This is “Homecoming” season for the two churches, and at the same time there’s a revival going on with the theme “Beyond these Walls” getting at the whole “don’t just stay cooped up in your pretty brick church” bit.
I see all that working together when it comes to a good, truly healthy idea of home. The most solid home we’ve had is my grandparents’ house. It’s home for all the good reasons — there’s a twin bedroom there that my brother and I call ours, and a bed that’s mine; there are pictures and albums everywhere not just of me but my mom and other folks when they were growing up, that tell our story; and there’s a good screeching swinging door at the back of the kitchen, a reminder of my grandparents’ hospitality to always welcome everybody. That door always did a good job of swinging both ways — not just to welcome but also to usher us all back into the world when we would head home, recharged and ready.
I think that’s vital for good “home.” Comfort, familiarity, roots to our story and identity, and MOSTLY an urging to on with living deeply, back out in the world. Maybe home stops being good when it entices us to stay forever and hide from life, hunker down and cling to its comfort far longer than might be best, or share it with only a select group (or with no one). Clearly that’s also true for a church home. Especially when most, most, most of us don’t have the personal experience of a good home, and we claim to believe that wherever followers of Jesus gather should be the homiest, best fellowship we can find on earth.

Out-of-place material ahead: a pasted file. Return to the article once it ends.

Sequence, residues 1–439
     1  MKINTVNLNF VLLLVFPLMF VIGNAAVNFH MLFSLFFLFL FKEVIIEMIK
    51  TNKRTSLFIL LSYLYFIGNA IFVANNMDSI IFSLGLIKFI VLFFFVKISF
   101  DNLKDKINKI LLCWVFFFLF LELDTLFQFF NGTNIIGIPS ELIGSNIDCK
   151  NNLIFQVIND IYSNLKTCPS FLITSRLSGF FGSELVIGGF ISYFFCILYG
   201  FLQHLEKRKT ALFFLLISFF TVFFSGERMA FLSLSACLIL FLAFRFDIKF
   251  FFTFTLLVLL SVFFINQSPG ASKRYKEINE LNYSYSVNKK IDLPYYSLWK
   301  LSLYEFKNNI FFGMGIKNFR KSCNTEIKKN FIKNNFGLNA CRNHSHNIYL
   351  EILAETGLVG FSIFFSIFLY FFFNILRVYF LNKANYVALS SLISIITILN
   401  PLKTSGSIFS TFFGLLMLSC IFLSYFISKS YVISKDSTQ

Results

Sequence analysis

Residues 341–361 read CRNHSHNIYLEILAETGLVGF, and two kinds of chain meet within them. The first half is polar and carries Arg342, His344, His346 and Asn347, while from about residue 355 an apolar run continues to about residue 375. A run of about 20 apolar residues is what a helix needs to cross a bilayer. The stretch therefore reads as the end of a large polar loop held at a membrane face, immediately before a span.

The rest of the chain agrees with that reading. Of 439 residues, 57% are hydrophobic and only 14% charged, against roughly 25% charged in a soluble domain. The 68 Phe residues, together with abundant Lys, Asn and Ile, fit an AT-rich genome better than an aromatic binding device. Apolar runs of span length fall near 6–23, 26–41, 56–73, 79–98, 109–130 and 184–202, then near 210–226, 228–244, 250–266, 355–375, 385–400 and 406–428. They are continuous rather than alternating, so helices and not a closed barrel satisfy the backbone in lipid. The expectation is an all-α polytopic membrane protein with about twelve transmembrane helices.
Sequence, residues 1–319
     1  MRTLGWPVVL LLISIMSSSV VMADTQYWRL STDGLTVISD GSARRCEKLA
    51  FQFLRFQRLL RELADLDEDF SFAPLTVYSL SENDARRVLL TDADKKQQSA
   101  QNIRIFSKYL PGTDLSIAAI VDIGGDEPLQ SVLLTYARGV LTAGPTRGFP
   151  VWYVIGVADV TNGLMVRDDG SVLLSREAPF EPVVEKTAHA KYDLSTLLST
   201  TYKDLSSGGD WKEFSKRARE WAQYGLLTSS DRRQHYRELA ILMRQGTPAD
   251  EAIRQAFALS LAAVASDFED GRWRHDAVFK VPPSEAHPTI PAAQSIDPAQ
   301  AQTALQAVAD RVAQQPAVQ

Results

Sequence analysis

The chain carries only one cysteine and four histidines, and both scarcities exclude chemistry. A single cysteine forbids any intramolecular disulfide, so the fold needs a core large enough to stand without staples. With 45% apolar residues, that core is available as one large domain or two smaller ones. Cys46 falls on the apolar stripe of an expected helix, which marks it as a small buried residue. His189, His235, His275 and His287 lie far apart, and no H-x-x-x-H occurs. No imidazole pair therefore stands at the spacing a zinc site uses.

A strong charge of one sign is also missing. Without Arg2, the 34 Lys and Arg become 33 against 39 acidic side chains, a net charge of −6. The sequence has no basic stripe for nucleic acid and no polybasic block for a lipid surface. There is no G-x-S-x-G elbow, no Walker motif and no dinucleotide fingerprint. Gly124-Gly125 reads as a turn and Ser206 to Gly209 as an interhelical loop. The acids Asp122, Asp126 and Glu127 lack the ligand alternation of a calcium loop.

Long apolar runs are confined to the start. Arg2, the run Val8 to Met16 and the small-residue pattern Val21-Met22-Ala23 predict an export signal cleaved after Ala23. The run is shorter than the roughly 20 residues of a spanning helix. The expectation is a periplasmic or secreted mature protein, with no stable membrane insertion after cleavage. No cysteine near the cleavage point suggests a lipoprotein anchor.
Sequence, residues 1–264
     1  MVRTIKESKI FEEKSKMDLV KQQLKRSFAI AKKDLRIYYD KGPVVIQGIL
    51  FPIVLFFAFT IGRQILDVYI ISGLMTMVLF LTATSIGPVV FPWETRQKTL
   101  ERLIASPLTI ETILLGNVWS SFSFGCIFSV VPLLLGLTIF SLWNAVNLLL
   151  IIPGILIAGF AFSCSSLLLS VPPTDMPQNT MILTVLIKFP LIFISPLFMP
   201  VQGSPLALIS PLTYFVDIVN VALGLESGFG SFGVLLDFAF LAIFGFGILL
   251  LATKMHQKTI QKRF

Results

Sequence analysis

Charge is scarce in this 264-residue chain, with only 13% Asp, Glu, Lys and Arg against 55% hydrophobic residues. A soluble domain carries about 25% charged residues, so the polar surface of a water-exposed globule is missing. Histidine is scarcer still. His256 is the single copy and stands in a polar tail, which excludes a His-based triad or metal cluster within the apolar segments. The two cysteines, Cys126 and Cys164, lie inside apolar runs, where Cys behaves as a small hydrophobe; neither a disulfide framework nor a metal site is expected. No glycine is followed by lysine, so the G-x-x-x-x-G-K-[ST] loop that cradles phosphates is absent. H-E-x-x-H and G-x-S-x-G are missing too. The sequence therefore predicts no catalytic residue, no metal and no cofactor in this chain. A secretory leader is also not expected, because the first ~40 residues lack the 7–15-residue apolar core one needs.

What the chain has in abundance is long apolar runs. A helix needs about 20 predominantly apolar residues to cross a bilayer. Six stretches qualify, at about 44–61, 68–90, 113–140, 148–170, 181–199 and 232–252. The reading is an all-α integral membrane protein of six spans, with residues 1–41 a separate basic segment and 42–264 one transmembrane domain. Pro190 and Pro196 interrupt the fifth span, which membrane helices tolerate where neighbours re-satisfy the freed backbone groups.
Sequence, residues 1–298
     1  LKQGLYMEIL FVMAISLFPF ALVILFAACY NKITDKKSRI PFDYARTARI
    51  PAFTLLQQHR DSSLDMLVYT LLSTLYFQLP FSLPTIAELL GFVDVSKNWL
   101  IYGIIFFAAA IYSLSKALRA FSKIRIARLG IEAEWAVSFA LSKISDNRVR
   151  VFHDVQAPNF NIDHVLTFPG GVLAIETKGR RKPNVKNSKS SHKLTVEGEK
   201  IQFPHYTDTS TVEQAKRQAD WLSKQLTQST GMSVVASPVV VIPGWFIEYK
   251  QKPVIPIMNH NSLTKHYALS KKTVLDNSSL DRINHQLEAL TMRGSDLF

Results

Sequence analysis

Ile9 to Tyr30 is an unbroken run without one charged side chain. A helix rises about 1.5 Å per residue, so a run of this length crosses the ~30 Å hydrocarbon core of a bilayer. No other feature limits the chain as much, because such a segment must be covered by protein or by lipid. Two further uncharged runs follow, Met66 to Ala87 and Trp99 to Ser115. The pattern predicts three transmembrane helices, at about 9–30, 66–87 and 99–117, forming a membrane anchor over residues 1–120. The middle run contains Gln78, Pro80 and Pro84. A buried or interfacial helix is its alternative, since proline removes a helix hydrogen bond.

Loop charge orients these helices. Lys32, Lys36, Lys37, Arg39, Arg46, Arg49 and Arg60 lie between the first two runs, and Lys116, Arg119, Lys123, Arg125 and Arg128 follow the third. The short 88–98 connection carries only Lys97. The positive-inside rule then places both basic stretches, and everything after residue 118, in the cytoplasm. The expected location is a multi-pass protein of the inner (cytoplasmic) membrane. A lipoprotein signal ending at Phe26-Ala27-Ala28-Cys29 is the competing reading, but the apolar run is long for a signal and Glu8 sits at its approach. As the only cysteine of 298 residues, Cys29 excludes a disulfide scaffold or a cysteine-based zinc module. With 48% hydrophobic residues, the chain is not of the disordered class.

So how to deal with our church walls…? I say, start with the walls of our own hearts; because it’s those, taken as a whole when a bunch of us gather, that add up to the collective walls of the church. So what kind of walls do we particularly struggle with?
Think about the different types…
One kind is the partition. For our sports fans, it’s a good thing when you go to games and there’s a divider or boundary all the way around the field, right? As in, without it sometimes a linebacker would be landing in your lap, or we wouldn’t know what to call a home run and all that. Partition walls separate space, especially for different purposes, like to create different rooms (“kitchen” versus “bedroom”). They’re important. Don’t believe me? Consider the walls of bathroom stalls in a huge public restroom. Separation of space. It’s important.
We do that with our hearts, maybe, and sometimes maybe it’s okay. We wear different hats, feel/act differently in different situations and company. I can say, “this part of me is the spouse, and this part the parent, or sibling; this part of me is for work, that part is what shows when people are around, that part is for when nobody’s watching, that part is me at church,” and so on. We partition our hearts, it’s multi-purpose space.